With Thanksgiving tomorrow, I felt this was an appropriate entry with all the grocery shopping everyone has been encountering this week.
I loved Saturday mornings in Texas. My body would wake up way too early so I would spend time at the kitchen table creating my weekly menu, going over the grocery list, and reviewing my coupon selection. Then in jeans and a fleece, with hair in a ponytail, I would head to my local Kroger. This became one of my favorite parts of the week. The roads were bare, the day fresh, and the store not yet overcrowded.
At Kroger I would get my shopping cart, carefully buckle my purse into the baby seat, and place my coupon file on top. Then I would stop at the Starbucks coffee stand for a warm treat. With my white chocolate mocha in hand, I would leisurely stroll the aisles crossing off my listed items using my bold felt tip pen. This was time for me to relax and practice my mad math teacher skills. It was like a game. "How much can I save on this item?"
My favorite part at the end of the transaction was when I would hand over my stack, hopefully, of coupons. If I saved at least $20, I considered the grocery trip a success. I think my mom received a few bragging calls in such occasions! Afterwards, I would make small talk as the bag boy helped me load my car. I enjoyed the friendly service and my visits were usually quite pleasant.
Here in Germany, grocery shopping is a bit different of an experience. It is more like a marathon or a fight between life and death.
I get anxiety when I am due for a shopping trip. Having only one car I shop several times a week instead of once. It is about a 10 minute walk to the store so I take only one reusable bag. This prevents me from buying too many items to drag home.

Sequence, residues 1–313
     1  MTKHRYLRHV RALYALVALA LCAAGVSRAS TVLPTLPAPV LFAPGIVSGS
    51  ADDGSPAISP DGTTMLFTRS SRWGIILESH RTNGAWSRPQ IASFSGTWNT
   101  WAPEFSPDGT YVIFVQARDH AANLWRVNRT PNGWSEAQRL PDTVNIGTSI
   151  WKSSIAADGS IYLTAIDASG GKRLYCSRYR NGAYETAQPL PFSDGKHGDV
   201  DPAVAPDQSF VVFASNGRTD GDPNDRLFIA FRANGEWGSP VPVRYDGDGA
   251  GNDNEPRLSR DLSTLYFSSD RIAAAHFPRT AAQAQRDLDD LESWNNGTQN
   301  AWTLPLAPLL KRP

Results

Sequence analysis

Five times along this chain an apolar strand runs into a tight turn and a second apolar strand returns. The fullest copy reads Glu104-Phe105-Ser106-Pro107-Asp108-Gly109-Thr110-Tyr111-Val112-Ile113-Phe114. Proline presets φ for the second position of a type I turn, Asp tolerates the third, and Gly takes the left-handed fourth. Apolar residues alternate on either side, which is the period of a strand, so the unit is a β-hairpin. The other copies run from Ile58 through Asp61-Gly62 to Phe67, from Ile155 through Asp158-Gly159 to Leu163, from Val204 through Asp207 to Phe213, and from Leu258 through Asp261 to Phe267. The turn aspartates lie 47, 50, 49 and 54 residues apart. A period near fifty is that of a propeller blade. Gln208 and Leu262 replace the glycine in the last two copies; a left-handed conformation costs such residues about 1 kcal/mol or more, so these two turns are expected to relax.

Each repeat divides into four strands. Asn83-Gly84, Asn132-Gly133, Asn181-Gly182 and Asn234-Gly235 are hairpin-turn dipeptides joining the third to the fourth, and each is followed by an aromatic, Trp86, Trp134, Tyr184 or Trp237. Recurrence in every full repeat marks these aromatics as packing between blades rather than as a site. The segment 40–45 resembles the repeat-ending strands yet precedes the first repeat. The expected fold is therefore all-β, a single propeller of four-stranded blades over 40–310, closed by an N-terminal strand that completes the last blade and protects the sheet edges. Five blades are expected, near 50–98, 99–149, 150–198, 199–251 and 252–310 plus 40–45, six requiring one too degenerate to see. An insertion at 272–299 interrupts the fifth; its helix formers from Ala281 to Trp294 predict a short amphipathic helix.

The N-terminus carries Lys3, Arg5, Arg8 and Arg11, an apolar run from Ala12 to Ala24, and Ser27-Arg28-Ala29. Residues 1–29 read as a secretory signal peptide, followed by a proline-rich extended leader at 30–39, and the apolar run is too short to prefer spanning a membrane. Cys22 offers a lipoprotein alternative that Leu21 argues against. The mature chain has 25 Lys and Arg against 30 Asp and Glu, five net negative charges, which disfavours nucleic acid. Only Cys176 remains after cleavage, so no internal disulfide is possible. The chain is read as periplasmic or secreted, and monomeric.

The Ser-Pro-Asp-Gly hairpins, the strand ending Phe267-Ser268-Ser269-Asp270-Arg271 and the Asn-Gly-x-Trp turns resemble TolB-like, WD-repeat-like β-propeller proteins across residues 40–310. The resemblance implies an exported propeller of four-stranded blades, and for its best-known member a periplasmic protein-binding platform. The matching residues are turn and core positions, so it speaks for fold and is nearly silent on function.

There are two grocery stores that I usually shop at depending on what items are on my list. Aldi is great for affordable produce, meats, and basic pantry items. AEZ is where I purchase name brands and milk. Before going to Aldi sometimes I feel like I should stretch my muscles. It is always an intense experience.
Inside Aldi the aisles are over crowded with hurried people. You better move it or lose it. There is not a fancy coffee stand just loud noises of the rush. Much like a french fry grease clogged artery, the floor is packed with staff stocking shelves and carts whizzing around pushed by mad housewives. You can hardly get through the place.
The check out lanes always contain people backed up into the produce section. If you aren't watching, an aggressive retiree will try to sneak their way in line after not so indiscreetly picking up an avocado. On the conveyor belt I always organize my items heaviest to lightest. Meats first, then cheeses, followed by produce, and finally breads last. While standing next to the conveyor belt, I get my money ready. Pulling out your wallet and counting money takes too much time. I always slip my ready cash into my jacket pocket for quick access.
When it is my turn to check out, I better be ready. At lightening fast speed the checker girl will fling my items across the scanner. There is no time to follow the rings ups to check for errors because you better be bagging. The girl is always done ringing my food before I can shove it all into my bag. Then she stares at me impatiently until I hand over my money.
Hoping the change is correct, I stuff it into my pocket and quickly move out of the way. At the door I reorganize my bag of groceries, throw it over my shoulder, and head on the walk home. In and out as quick as a flash.
Despite the differences in customer service, we are saving a lot more money on groceries here in Germany.
Estimated Weekly Grocery Costs:
Kroger: 80 dollars
Aldi: 30 euros which is about 40 dollars
Happy Thanksgiving Everyone!
Post a Comment
Thank you so much for your comments! I enjoy reading each and every one.